Chemical and Biological Engineering
Faculty with Research Interests
For more information regarding faculty visit the Department of Chemical and Biological Engineering website.
The mission of the Department of Chemical and Biological Engineering is to meet the present and future needs of society and industry by providing state-of-the-art education and research programs. In order to accomplish this mission, the department provides graduate students with:
- Fundamental knowledge and design capability in chemical and biological engineering
- Advanced research programs in core competency areas
- Knowledge of industrial ecology/design for the environment
- Understanding of ethical, economic, and social issues that influence intellectual technological choices
- Leadership and communication skills
- Lifelong learning capabilities
Research Centers and Institutes
Center for Electrochemical Science and Engineering
Jai Prakash, Director
Center of Excellence in Polymer Science and Engineering
David Venerus, Director
Engineering Center for Diabetes Research and Education
Ali Cinar, Director
Center for Molecular Study of Condensed Soft Matter
Jay Schieber, Director
Center for Complex Systems and Dynamics
Fouad Teymour, Director
Wanger Institute for Sustainable Energy Research
Hamid Arastapoor, Director
Research facilities of the department include:
- Biochemical Engineering Lab
- Biointerfaces Lab
- Biomaterials Lab
- Center for Electrochemical Science and Engineering Lab
- Center of Excellence in Polymer Science and Engineering Lab
- Computational Fluid Dynamics Lab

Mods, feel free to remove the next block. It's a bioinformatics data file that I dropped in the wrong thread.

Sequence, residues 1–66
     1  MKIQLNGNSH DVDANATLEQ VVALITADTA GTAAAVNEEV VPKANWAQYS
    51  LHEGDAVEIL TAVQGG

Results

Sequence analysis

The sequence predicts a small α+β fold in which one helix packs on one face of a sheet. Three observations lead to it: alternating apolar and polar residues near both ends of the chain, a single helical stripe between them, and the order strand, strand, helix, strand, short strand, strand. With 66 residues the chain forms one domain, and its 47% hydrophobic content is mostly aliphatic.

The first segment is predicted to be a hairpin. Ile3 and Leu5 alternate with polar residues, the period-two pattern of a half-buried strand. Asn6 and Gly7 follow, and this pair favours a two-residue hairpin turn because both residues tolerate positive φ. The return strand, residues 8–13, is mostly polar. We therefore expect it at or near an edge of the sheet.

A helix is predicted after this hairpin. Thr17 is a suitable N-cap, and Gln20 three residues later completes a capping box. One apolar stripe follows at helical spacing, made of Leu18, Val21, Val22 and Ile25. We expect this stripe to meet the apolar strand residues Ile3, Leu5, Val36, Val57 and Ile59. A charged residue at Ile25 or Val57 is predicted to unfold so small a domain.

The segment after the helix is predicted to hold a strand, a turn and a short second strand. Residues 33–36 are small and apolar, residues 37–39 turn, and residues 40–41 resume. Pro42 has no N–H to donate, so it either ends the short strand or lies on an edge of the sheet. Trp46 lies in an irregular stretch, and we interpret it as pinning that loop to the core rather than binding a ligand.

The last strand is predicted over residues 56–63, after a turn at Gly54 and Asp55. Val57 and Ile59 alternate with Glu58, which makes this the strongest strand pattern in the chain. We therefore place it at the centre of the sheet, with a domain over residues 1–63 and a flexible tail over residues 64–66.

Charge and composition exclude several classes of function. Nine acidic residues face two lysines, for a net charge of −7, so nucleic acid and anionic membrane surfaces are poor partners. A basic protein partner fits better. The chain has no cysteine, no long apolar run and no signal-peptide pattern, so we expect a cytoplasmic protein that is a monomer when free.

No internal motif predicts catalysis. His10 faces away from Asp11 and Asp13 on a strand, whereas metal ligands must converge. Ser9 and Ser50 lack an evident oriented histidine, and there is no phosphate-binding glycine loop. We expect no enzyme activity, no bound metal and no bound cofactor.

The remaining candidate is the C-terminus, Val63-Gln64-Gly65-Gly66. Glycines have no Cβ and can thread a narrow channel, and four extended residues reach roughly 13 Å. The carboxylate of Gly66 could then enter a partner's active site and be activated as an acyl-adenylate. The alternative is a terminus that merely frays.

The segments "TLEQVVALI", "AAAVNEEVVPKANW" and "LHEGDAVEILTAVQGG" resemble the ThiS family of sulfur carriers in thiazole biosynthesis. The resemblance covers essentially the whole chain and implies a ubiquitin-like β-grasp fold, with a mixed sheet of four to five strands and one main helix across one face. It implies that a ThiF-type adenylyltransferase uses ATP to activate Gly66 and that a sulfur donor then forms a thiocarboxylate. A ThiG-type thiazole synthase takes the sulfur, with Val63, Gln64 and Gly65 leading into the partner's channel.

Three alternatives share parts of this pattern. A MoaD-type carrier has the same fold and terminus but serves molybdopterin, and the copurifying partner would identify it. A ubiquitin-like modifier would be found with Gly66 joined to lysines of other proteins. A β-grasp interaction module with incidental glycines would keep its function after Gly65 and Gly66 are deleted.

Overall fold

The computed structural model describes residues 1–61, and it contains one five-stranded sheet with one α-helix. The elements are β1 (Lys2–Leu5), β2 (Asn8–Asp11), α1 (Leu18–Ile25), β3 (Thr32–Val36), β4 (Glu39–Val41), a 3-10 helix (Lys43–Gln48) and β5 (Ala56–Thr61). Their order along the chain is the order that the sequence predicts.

- Fuel Cell Battery Lab
- Fuel Cell Lab
- Fluidization Lab
- Gas Processing Lab
- Hydrogen Storage Lab
- Interfacial Phenomena Lab
- Light Scattering Lab
- Multiphase Flow and Fluidization Lab
- Particle Technology Lab
- Polymer Characterization Lab
- Polymer Reaction Engineering Lab
- Porous Media and Core Analysis Lab
- Process Control & Optimization Lab
- Process Modeling, Monitoring, and Control Lab
- Rheology Lab
- Riser Lab
The computational facilities of the department include the Advanced Computer Laboratory, and the computer facilities of each research group. All computers are connected to the university computer network by ethernet. Both the PCs and workstations access the multimedia system to provide data visualization and high-quality presentations. Each research lab also has specialized computer facilities. The computational capability for the department is provided by three servers that include both Linux and Windows. Students also have access to the university’s computing and network services.
Faculty members conduct numerous projects in the department’s core areas of research competency:
Energy and Sustainability
Fuel cells and batteries
Fluidization and gasification
Biomedical and pharmaceutical engineering
Interfacial and transport phenomena
Advanced process control
Chemical and Biological Engineering
127 Perlstein Hall
10 W. 33rd St.
Chicago, IL 60616
The Energy/Environment/Economics (E3) program was developed to respond to the rapidly changing needs of the energy industry by providing the interdisciplinary research and training required to produce a new breed of engineer—one who specializes in energy technologies and who understands the associated environmental and sustainability issues and economic forces that drive technology choice.
The E3 specialization requires an interdisciplinary thesis in an E3 area of research for M.S. and Ph.D. degrees, and an interdisciplinary graduate project or additional energy and sustainability courses for professional master’s degrees. Graduate students in E3 should also be enrolled in fundamental courses related to the topics of energy, environment, and economics. E3 is designed primarily for students majoring in engineering who are planning careers in energy-related fields. This interdisciplinary training prepares students to be not only creative and expert in a specialized area of energy extraction, conversion, or utilization, but also to possess a broad knowledge base of different energy sources, of sustainability issues related to energy extraction, conversion, and utilization, and of the impact of sustainability principles on the design and operation of energy systems. Furthermore, students will gain sufficient knowledge of sustainability and regulatory issues to enable them to make more viable technology choices.